Cindy Lee Berryhill. The Adventurist. Omnivore Recordings


Cindy Lee Berryhill was a founding member of the “anti folk” movement in New York in the 1980’s before moving to California and delivering two albums that delved into the genius and naiveté of  Brian Wilson. Garage Orchestra and Straight Outta Maryville married her quirky songwriting to an equally quirky use of percussion, woodwind and strings not dissimilar to Tom Waits’ discovery of Harry Partch. The Adventurist is her first release in a decade, a decade in which much of her time was dedicated to her husband, the famed rock writer Paul Williams as he succumbed to an early dementia before dying in 2013. As is often the case and hurtful as it may seem a release from dementia frees loved ones to carry on, no longer the agony of trying to tease out a sense of recognition from the afflicted, a graceful end to a cruel disease. And so it was with Berryhill who, after Williams’ passing slowly returned to live performance and ultimately was able to record The Adventurist, dedicated to her late husband (and lovers everywhere) and which is a collection of songs described by her as “songs that reflected the love I had for him.”

The album revisits the Garage Orchestra era, the songs simple at heart but adorned with a variety of sounds, some exotic (strings, vibraphone, marimba, horns and glockenspiel), some mundane (including a dishwasher and a wall heater) but throughout Berryhill offers some fabulous melodies while her excellent vocals are often enhanced by some fine harmonies from friends such as Syd Straw. The lyrics deserve delving into, opaque as they are in not being simple love songs or memories apart from the fairly direct realities of caring for a loved one  on the sting driven baroque  pop of Somebody’s Angel. There are glimpses of the early rush of a new relationship within the lush guitars of Contemplating The infinite (In A Kiss) while the title song is a heady tumble into the unknown as Berryhill delivers an almost surrealistic fantasy that’s half sixties spy story and half safari, all contained within a dizzying spiral of strings and things, hammered plucked or picked.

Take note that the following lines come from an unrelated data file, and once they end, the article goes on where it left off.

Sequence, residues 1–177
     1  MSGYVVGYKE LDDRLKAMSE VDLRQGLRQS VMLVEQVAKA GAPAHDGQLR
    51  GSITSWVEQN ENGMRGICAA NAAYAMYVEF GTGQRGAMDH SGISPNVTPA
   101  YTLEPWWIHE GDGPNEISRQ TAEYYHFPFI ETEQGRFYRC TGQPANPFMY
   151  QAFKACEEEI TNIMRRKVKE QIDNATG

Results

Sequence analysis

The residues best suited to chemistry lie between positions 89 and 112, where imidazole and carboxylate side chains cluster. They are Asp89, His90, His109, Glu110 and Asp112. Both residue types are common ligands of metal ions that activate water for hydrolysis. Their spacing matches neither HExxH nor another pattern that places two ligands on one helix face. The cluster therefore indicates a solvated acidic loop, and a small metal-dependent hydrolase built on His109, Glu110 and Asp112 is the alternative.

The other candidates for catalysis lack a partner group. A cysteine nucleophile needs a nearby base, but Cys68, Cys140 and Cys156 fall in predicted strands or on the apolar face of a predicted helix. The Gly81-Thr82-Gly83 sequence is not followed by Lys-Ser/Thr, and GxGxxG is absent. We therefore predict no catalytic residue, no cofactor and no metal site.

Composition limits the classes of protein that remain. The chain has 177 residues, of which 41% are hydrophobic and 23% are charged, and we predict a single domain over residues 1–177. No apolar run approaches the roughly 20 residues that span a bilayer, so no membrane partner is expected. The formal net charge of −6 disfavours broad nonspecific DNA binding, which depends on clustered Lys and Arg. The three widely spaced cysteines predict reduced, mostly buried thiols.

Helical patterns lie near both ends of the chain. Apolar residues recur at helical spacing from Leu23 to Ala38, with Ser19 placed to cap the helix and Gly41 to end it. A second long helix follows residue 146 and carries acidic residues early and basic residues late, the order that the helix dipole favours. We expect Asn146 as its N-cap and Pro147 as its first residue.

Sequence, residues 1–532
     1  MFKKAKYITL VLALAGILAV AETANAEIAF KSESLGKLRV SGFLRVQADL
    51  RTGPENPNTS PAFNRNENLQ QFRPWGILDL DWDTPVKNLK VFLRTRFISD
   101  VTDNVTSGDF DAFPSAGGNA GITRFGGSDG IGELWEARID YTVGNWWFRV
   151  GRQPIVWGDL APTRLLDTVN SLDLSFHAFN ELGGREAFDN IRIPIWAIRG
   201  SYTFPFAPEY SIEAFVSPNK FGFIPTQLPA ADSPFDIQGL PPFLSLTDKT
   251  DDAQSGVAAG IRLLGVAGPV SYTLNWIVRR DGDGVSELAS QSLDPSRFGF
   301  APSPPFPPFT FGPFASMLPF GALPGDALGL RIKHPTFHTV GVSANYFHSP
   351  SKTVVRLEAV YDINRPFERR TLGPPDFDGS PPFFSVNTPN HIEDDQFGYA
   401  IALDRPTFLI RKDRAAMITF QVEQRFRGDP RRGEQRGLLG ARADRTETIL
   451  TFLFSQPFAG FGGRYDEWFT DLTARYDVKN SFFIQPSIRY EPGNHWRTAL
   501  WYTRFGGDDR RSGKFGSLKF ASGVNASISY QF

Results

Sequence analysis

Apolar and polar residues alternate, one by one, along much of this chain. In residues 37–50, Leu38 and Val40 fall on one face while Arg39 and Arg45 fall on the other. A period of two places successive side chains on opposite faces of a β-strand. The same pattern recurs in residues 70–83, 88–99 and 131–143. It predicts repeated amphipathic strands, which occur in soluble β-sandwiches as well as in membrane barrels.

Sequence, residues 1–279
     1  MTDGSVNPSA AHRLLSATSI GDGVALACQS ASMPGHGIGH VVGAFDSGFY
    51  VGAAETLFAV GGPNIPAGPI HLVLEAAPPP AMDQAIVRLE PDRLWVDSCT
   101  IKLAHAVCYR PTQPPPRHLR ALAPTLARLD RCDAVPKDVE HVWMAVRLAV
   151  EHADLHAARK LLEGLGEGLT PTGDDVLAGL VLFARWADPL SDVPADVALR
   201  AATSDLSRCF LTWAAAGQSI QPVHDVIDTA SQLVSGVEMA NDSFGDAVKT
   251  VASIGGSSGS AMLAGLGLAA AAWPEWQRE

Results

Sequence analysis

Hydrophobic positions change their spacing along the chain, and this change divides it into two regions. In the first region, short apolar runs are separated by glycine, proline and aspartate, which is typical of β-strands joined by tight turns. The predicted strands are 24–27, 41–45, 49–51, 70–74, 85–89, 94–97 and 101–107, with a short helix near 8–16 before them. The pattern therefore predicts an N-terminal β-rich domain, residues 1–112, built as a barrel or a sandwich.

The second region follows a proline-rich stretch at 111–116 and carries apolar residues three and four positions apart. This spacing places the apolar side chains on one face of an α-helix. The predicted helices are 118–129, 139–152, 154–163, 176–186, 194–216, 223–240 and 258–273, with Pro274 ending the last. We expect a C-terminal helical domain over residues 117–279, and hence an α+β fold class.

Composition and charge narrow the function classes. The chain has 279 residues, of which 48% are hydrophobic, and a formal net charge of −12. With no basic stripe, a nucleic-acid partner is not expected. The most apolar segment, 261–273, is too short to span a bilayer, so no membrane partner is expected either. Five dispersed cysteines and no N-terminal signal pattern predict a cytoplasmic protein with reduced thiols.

There’s so much here to explore and the album repays repeated listening. There’s an immediate attraction to the opening song, American Cinematography, with its Beatles’ like guitar refrain (although the piano gets wackier as the song progresses)  and I Like Cats/You Like Dogs is a glorious slice of crunchy pop folk pumped up with magnificent scrabbled guitar dashing through the horns towards the end. Less immediate but ultimately as satisfying is the seductive swell of Deep Sea Fishing which floats on a fuzzy keyboard riff  and the towering Gravity Falls which is like slo mo grunge. Towards the end Berryhill strips her feelings down on the orchestral pop of An Affair Of The Heart, a melancholic yet defiant song which can be read as a farewell to her husband which pulses with the heartbeat of LA writers such as Gene Clark. The album closes with an instrumental revisit of Deep Sea Fishing retitled Deep Sea Dishing with Berryhill’s guitars set above the repetitive cycle of a dishwasher that mimics the sound of surf, a fine nod to one of her heroes and a reminder that at times The Adventurist recalls the minor classic that was Brian Wilson and Van Dykes Parks’ collaboration on Orange Crate Art.

The Adventurist ultimately is a triumphant return to the arena for Ms. Berryhill. It’s multilayered, challenging and exciting, her personal story transformed into art. A catharsis perhaps but it’s an album that would be worthy of the forensic pen of Paul Williams, the doyen of rock writing and a very fine memorial.


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